Only a few years ago, residential solar installations were mostly of interest to those wanting to "go green." However, as the cost of solar panels continues to drop, many Houston-area homeowners now find that a residential solar installation pays off both environmentally and financially.
High utility bills also drive demand. Today, Houston-area electricity rates average 10.98 cents per Kwh, 7.58 percent less than the national average of 11.88 cents per Kwh. However, due to the significant cooling requirements in Houston’s subtropical climate, Forbes notes that utility bills here are among the highest in the country — more than triple those in Seattle, for example.
Tax Credits and Other Incentives
In Texas, the cost of residential solar is offset by various tax credits and rebates. And there’s good news about the Solar Investment Tax Credit (ITC) originally set to expire on December 31, 2016. The full 30 percent tax credit is now available for residential systems purchased and installed by the end of 2019. After that, a phase-out begins. In 2020, the tax credit is reduced to 26 percent. In 2021, the credit drops to 22 percent, and it ends altogether after that.
In Texas, those who invest in rooftop solar also enjoy a full property tax exemption. A homeowner does not pay property taxes on increased property values resulting from a solar installation. This 100 percent property tax exemption is a commonly overlooked opportunity.
Further cost savings are realized through incentives offered by local utilities and various government entities. Texas solar incentives are regularly updated at a website maintained by North Carolina State University.
Residential rooftop solar installations now cost about $3.00 per watt. That means a smaller 3.1 Kw system would run a little less than $10,000, while a 5 Kw system would run about $15,000. There are four options available to homeowners that want to invest in rooftop solar:
Some homeowners may want to pay cash for their system. Buyers are responsible for system maintenance, although manufacturer warranties for system components often cover much of a system's typical 15- to 20-year lifespan. If you sell your home during the normal life cycle of your rooftop solar system, you’ll likely recover some of your investment in the form of a higher selling price.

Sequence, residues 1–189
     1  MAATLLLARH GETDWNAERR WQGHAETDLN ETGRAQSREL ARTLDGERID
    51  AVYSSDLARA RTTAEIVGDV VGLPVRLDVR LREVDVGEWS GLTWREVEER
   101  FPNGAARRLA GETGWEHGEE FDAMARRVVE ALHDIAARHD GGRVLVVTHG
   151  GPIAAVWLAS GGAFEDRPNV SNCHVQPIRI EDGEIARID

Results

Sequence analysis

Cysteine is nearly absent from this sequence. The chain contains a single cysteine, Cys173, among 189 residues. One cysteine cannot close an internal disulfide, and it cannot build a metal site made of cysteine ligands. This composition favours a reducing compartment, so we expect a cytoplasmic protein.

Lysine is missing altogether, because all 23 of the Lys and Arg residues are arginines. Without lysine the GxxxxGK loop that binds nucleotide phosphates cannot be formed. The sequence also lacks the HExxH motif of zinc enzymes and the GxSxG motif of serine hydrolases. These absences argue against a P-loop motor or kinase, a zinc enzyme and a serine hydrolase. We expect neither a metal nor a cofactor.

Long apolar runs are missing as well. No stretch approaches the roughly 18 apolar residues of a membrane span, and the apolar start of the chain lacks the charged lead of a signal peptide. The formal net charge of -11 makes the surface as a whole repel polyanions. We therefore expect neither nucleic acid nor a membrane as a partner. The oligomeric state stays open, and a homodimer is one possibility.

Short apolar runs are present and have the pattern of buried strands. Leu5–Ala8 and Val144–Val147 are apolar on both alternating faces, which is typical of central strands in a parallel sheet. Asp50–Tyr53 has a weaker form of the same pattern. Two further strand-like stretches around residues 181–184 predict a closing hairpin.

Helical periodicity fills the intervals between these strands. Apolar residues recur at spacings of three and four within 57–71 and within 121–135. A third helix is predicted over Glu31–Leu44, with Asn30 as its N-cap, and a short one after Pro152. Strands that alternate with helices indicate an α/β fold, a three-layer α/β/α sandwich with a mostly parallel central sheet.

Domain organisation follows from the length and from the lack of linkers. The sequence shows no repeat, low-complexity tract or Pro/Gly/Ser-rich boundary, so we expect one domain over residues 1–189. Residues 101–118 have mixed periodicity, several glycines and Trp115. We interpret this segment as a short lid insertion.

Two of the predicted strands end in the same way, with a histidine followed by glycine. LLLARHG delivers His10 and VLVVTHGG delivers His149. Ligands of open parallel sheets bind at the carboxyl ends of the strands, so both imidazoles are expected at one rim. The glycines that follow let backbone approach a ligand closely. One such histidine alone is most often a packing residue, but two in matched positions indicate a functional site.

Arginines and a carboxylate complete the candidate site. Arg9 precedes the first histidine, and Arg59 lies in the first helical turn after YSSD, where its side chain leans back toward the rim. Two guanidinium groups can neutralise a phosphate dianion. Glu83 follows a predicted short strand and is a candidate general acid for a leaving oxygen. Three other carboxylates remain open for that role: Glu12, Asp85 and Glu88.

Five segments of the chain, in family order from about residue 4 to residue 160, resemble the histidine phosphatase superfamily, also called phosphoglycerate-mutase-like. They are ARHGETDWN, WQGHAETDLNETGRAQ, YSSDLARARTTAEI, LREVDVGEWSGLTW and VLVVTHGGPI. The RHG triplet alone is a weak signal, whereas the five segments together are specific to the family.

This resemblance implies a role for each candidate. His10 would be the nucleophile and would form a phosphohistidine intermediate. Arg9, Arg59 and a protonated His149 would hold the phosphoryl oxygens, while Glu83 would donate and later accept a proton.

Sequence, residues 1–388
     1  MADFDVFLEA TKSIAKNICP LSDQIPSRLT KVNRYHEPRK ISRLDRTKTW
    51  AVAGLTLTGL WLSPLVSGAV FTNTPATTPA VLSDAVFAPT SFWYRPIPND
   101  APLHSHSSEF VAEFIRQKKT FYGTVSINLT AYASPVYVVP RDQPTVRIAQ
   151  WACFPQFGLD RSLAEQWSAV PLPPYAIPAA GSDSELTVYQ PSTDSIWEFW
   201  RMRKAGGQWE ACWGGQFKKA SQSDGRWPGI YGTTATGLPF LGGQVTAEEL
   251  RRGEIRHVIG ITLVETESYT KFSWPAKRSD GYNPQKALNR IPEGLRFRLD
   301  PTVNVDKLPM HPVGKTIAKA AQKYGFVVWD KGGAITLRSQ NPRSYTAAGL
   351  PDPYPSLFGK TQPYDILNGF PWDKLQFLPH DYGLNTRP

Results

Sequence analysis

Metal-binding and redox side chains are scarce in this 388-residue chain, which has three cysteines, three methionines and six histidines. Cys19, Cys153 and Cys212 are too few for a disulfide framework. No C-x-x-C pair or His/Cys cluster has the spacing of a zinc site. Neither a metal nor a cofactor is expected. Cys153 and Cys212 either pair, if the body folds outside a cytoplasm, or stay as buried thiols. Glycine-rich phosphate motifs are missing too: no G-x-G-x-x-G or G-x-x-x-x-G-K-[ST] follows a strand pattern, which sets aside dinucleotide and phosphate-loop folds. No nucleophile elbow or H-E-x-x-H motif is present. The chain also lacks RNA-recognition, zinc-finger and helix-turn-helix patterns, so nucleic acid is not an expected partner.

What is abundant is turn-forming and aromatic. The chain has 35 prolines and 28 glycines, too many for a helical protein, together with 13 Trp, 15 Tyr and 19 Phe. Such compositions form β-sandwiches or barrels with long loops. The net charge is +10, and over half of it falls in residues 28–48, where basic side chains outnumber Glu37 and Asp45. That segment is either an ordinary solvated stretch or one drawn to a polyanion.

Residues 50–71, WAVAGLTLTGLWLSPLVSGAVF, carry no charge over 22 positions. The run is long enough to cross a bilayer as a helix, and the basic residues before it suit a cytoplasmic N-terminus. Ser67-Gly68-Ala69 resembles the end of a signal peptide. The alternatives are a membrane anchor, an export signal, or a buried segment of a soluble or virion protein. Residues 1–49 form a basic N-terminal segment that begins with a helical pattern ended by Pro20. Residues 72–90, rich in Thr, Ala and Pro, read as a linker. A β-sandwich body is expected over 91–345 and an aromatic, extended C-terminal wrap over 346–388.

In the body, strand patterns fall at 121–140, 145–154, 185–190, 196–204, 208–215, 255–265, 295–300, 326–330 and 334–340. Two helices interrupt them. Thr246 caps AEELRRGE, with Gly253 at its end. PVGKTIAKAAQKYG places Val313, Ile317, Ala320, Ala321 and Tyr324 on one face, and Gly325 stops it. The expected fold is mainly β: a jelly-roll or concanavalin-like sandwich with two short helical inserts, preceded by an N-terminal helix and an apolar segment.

Borrow to Purchase
With interest rates on home equity and personal loans remaining at relatively low levels, borrowing money to pay for a solar system is a wise choice for many homeowners.
A residential solar lease will often reduce the potential savings, but it does provide two big advantages. There is little or no upfront cash outlay, and the lessor, the actual owner of the system, takes care of installation and maintenance. However, since the leasing company gets the tax credits, savings are usually greater with a purchase.
Remember that a home's value is impacted by a purchase or lease decision. For example, FHA appraisals allow you to add the value of your system to your home’s overall value if you own the solar installation, but not if you lease it.
Power Purchase Agreement (PPA)
A PPA is similar to a lease. You pay a preset amount for each Kwh of electricity that is consumed. When you require more electricity than the rooftop solar setup produces, you purchase the rest from the local utility in the traditional manner. Although PPAs are convenient, savings are usually less than if you purchased the system outright.
The Simple Dollar offers specific calculations of savings over the life of a hypothetical solar installation when comparing these various options. At Solar Power Rocks, analysts project that residential solar installations in Texas will outperform the S&P 500.
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